We had expected RCEP to be the antithesis of the Trans Pacific Partnership Agreement (TPP) that seems to serve the interests of the multinational pharmaceutical corporations, but in fact, the leaked RCEP negotiating text appears to be a carbon copy of the worst IP provisions of the TPP that seek to stamp out generic competition and restrict access to affordable medicines to millions of people.
DNP+ along with ITPC-South Asia are protesting outside the Japanese embassy in New Delhi, asking why Japan and other countries in the RCEP negotiations are waging a war against poor patients, and urging the Japanese government to remove the harmful intellectual property (IP) provisions in this trade deal that could delay the availability of low-cost generic medicines.”
— Loon Gangte, DNP+ and International Treatment Preparedness Coalition-South Asia
RCEP & Seed Trade
“The leaked IP chapter of RCEP proposes all its members to either accede to or ratify over a dozen international IP-related agreements, including the International Convention for the Protection of New Varieties of Plants (better known as UPOV) and particularly its 1991 version which gives primacy to corporate plant breeders, putting restrictions on farmers to save seed and researchers and breeders to access protected plant varieties for further research and development only on prior permission and payment of royalties to the breeder.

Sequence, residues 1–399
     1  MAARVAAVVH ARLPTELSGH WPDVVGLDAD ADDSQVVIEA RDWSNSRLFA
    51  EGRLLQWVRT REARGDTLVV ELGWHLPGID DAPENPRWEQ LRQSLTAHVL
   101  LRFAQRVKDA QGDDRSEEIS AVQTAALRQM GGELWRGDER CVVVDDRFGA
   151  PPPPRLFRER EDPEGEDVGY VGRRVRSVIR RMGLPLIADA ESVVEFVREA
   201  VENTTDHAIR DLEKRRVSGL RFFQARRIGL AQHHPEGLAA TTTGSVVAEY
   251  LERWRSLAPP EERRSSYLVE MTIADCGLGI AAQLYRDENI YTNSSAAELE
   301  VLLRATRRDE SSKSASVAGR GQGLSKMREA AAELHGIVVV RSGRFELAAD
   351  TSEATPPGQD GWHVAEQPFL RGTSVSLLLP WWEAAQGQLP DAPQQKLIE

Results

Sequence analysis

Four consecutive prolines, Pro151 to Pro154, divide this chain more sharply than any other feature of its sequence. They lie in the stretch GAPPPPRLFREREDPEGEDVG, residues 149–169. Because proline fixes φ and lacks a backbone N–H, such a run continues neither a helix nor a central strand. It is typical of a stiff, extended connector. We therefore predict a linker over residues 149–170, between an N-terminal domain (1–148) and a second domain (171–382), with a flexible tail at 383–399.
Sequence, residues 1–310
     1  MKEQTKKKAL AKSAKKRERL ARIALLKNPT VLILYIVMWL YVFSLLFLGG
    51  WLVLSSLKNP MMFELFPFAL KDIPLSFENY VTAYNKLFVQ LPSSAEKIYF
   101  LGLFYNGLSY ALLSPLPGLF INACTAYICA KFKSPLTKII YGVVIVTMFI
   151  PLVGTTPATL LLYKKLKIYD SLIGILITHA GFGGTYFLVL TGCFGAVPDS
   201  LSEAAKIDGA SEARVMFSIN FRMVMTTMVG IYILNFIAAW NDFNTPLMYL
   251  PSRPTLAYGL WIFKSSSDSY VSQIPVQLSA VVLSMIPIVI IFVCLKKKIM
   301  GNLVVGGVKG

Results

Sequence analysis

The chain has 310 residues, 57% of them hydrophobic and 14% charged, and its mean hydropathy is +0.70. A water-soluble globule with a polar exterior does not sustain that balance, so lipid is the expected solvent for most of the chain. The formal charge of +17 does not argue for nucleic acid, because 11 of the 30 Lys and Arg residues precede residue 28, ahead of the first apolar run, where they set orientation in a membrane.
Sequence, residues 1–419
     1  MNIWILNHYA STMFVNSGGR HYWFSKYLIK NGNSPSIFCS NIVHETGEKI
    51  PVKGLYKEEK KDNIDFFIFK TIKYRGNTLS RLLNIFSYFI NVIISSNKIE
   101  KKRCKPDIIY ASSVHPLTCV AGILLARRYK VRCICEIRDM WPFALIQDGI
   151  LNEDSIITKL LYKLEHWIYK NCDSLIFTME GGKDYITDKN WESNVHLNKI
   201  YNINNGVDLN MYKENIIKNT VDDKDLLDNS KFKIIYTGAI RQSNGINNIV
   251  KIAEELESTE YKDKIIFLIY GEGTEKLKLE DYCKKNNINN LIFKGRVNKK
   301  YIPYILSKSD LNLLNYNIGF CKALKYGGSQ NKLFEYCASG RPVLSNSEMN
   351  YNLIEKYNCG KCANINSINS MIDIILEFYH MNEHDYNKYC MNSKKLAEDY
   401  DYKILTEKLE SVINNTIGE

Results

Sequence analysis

India has intentionally kept out from the UPOV 1991 Act to ’protect’ small farmers and non-corporate breeders, allowing them to register varieties bred by them and also to seek ’benefit sharing’ if the varieties developed by them are used as base material by the seed industry to make new seed products. RCEP membership will have serious implications for the domestic law on the protection of plant varieties and farmer’s rights.
The leaked IP drafts of South Korea and Japan contain a clear ask for IP protection for plant varieties that goes well beyond what the World Trade Organisation (WTO)’s IP rules require from its member countries. RCEP in its current form will put additional pressure on India to join UPOV 1991, a clear WTO-plus measure, from which India has intentionally remained out so far. Seed companies from China, Japan and Korea are also pushing for harmonisation of seed IP laws in the region through the Asia & Pacific Seed Association.”